Looking for a sign
Parsons opens Polity Conference
October 18, 2013
“If God came into this room and said, ‘I will give you a sign for this grand faith enterprise you call the Presbyterian Church (U.S.A.)’, wouldn’t you go for that sign?” asked the Rev. Gradye Parsons in his sermon opening the annual Polity Conference of the PC(USA), held Oct. 14-16.
More than 250 mid council leaders and denominational staff gathered to prepare for the 221st General Assembly — held here June 14-21, 2014 — and for their yearly pondering on leadership in the changing climate of the denomination.
Parsons told the biblical story of Ahaz, a king ruling during times of profound change in Israel and Judah. Even though the Lord offered Ahaz a sign, Ahaz said, “No, thank you.”
Denominational leaders would like a sign that we will get through this chapter of our lives to the other side, Parsons said.
“Wouldn’t you personally like a sign that getting out of bed in the morning and doing all the heavy lifting of this denomination will turn out all right?” he asked.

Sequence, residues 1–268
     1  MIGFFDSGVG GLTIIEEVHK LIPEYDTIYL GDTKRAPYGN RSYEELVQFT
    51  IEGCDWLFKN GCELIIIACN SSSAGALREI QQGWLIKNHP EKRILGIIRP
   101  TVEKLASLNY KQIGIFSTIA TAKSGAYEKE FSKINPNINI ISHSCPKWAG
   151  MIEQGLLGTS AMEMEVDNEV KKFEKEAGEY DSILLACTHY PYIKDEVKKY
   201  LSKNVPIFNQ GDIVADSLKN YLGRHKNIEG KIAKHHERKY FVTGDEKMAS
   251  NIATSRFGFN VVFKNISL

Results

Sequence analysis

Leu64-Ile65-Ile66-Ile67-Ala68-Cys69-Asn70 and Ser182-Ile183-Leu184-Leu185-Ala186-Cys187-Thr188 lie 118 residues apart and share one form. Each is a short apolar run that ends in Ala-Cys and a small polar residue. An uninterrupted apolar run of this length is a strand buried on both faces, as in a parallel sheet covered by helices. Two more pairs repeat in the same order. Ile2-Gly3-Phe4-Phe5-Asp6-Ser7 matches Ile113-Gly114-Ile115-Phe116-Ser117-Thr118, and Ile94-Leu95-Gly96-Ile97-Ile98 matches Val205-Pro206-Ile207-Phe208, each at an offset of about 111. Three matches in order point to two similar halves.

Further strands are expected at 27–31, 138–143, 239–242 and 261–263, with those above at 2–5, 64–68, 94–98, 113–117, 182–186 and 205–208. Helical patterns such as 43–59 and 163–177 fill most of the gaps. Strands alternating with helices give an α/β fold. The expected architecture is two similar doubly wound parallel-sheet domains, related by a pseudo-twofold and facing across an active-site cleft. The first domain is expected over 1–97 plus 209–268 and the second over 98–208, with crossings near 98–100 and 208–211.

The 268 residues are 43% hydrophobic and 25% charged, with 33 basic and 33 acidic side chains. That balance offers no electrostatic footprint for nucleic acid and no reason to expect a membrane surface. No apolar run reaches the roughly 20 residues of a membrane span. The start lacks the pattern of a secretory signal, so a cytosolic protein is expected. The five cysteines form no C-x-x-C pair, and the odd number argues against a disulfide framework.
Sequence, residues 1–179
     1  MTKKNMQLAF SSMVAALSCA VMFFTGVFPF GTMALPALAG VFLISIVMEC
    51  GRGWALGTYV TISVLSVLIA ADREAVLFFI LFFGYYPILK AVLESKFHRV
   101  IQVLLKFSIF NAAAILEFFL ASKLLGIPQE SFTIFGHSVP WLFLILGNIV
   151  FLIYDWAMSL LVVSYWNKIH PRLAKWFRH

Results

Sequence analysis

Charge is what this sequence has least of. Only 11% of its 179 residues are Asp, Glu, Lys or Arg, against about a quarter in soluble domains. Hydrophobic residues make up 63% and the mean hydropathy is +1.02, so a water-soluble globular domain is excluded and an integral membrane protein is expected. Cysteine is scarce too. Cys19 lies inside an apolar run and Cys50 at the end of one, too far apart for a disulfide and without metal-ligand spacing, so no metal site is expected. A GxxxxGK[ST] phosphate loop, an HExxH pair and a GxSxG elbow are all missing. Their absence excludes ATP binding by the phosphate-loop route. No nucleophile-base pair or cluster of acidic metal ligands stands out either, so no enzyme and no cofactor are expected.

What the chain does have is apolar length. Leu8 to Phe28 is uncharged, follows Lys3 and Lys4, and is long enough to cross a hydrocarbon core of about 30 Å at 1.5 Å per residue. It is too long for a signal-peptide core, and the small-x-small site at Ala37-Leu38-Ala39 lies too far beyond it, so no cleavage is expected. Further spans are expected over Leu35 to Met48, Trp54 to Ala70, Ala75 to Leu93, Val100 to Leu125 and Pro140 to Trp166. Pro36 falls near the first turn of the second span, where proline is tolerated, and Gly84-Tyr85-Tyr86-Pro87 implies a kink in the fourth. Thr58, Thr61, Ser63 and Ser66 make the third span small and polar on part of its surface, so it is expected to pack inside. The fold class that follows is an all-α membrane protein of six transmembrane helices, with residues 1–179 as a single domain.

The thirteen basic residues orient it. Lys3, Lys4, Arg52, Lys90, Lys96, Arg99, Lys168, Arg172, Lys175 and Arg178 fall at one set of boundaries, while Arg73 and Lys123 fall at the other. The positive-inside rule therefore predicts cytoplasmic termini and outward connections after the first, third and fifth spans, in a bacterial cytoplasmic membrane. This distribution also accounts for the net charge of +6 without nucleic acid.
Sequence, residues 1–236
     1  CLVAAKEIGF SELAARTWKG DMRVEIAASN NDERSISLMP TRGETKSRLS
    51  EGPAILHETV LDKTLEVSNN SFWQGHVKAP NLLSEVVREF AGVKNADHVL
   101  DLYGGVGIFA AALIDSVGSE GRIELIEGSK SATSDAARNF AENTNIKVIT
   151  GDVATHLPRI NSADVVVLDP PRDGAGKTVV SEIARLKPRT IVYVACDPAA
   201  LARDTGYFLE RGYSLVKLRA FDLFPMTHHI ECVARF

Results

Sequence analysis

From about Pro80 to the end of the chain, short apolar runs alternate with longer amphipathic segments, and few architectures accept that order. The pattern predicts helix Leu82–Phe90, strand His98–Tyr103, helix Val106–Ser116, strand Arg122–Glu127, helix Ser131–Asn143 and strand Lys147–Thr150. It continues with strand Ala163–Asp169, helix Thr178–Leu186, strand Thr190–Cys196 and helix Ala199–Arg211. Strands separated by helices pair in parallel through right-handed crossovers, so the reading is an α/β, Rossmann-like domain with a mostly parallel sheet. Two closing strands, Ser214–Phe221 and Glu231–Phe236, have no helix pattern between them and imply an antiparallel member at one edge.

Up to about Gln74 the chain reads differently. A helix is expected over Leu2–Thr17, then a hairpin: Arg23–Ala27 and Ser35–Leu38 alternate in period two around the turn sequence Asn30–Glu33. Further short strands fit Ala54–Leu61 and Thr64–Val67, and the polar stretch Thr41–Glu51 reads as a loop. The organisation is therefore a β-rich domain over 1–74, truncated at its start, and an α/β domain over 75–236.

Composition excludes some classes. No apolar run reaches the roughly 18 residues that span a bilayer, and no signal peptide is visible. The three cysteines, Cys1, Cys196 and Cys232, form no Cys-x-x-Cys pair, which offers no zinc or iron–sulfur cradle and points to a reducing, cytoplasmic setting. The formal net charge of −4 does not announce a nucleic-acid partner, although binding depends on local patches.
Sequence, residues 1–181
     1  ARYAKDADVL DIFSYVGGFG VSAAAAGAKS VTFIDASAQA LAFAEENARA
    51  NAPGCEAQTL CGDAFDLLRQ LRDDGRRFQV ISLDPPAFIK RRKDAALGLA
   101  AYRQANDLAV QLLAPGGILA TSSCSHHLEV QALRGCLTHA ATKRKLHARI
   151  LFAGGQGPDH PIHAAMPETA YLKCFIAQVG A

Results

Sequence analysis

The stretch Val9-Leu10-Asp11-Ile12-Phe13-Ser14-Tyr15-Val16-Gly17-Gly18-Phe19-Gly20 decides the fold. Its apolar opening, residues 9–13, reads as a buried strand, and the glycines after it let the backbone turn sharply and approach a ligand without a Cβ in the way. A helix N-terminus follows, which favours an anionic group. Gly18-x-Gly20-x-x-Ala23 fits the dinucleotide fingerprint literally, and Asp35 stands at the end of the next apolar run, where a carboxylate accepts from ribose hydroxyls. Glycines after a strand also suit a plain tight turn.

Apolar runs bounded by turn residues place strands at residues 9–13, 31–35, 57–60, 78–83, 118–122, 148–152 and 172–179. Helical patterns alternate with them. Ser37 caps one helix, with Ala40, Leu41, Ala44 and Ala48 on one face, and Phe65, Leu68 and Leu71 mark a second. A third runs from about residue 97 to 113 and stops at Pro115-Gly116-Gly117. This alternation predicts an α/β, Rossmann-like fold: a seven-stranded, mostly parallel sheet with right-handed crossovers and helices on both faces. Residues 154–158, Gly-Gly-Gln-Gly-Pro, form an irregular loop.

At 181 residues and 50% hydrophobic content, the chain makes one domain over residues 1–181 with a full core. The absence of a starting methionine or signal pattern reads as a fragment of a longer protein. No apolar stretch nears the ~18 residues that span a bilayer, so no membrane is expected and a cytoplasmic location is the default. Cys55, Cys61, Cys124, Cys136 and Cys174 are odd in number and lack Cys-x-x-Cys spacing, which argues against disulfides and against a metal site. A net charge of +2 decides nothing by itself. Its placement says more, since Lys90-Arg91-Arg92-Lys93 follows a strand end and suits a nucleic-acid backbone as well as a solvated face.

Parsons recalled the first-century dream of John on an island called Patmos. In his dream, it is the new Jerusalem. It is the new world. The old has passed away. No more budgets. No more committees. No more sermons.
“But you know what?” Parsons said. “God has not told our presbyteries, or you and me that it is done. And that is our sign.”
Looking ahead to the General Assembly, Parsons reminded attendees that it is the biannual covenant witness of our life together.
“You don’t need me to tell you what the big issues are. You know what they are. You need to be praying about this,” he said. “There is compassion everywhere you look. There is courage everywhere. There is connection.”
And that was sign enough for the mid council leaders to take up their work. They went on to face a packed agenda on issues likely to be before the 221st Assembly, adapting to changes in polity and demographics and hearing about good news from mid councils.
Erin Cox-Holmes is executive presbyter of the Presbytery of Donegal and a contributor to Presbyterian News Service.